Nigerians may find it difficult to spoil their loved ones with lavish gifts this Valentine’s Day. It is the month of February, and today is the eagerly awaited Valentine’s Day, which is traditionally celebrated by lovers and married couples all over the world.
Every year on February 14, Valentine’s Day—also known as Saint Valentine’s Day or the Feast of Saint Valentine—is observed as a day to show love to particular people. Though gift-giving among friends and relatives may also take place on this day, it is traditionally referred to as a day for lovers.
Valentine’s Day is typically associated with giving, going to the movies, lighting red candles, going out to dinner, and having a little extra fun for lovers. It goes without saying that these activities demand significant financial outlays, which in turn have effects on the national economy.
This historic day, however, may be in jeopardy due to recent and underlying problems in the largest economy in Africa, including persistently high inflation and excessively prolonged cash shortages. We quickly review some of the issues that can prevent couples from overspending on Valentine’s Day.
High cost of goods: Nearly all Nigerians are familiar with inflation, one of the key macroeconomic concepts in fundamental economics. Every month, the consumer price index data, which is used to determine the monthly inflation rate, is made available by the National Bureau of Statistics (NBS).
Inflation has become a particularly hot economic topic in Nigeria due to the country’s ongoing rise in the cost of goods and services.
Due to the conflict in Ukraine and Russia, the global energy crisis, the depreciation of the local currency, and other factors, Nigeria’s inflation rate is currently at a nearly 17-year high standing at 21.34% in December 2022.
Prices for several prominent commodities and services have increased by over 100% year over year throughout the nation, significantly reducing the purchasing power of the populace. This is made worse by the fact that there haven’t been any genuinely profitable investments, which has lowered investor confidence nationwide.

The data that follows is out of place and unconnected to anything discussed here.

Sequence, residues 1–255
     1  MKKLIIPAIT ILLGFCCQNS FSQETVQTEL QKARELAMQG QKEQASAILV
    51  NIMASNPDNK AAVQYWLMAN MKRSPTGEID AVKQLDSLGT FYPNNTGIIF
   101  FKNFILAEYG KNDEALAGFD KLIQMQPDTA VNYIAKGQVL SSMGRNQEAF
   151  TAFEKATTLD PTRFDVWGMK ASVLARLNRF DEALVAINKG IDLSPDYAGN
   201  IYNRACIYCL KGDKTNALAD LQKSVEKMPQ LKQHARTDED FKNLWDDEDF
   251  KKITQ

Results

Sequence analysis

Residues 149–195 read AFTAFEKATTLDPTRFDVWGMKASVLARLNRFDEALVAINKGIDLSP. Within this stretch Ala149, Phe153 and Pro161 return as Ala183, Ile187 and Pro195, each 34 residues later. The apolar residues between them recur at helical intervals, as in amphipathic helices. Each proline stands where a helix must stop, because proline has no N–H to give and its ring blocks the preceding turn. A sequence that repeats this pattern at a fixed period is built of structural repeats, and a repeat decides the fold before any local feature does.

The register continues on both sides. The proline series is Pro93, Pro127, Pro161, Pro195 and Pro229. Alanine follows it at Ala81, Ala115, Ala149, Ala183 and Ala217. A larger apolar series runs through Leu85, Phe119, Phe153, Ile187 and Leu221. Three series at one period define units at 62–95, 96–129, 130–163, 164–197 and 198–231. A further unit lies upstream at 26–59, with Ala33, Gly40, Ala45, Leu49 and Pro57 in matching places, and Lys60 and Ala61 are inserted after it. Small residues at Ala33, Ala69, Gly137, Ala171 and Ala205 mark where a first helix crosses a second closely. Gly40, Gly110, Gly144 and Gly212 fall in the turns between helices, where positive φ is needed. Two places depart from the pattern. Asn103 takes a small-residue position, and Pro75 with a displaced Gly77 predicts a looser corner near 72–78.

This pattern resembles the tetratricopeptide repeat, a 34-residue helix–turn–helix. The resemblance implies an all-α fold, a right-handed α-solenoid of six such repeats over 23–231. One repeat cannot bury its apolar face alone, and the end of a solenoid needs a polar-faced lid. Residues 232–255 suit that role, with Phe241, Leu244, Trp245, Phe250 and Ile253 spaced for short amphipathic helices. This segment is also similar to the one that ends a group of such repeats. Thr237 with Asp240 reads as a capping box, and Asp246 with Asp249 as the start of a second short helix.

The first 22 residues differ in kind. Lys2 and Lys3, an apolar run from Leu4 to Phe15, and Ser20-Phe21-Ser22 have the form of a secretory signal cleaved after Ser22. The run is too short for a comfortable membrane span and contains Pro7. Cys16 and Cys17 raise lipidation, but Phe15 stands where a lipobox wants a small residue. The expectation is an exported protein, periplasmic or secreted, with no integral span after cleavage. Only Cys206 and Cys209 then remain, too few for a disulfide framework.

Therefore, those who wish to shower their significant others with gifts on Valentine’s Day this year will have to pay more than they would have, say, last year.
High-interest rate environment: The CBN’s hawkish stance, which led to the MPR being raised to a record-high 17.5%, portends the apex bank’s attempt to reduce surplus liquidity by restricting access to credit.
Notably, the bank lending rate rose to 29.13% in December 2022, on the backdrop of multiple interest rate hikes in the year. This implies that businesses and individuals will be disincentivized to take loans from banks going forward.
Although some whose business requires a loan for sustainability will have to obtain it at a premium. A high-interest environment oftentimes means that people do not have as much monies lying around for merriment.
Lack of cash: The Valentine’s season is a time when lovers give their loved ones money cakes as gifts. This is essentially a cake made out of mint money. Some people use N200 or N500 notes to decorate the cakes. Depending on how wealthy they are, the person may decorate the cake with N1,000 or USD notes.
The drawback is that Nigerians have recently had to deal with a significant cash deficit, making it challenging to build such a money cake at this moment.
It is important to note that while getting access to money may not be completely impossible, the costs may be much higher than in previous years.
Bottom line: While there is never a wrong amount of money to spend on your loved ones, the rising cost of products and services in the nation and the recent shortage of naira notes have left very little to cheer about.
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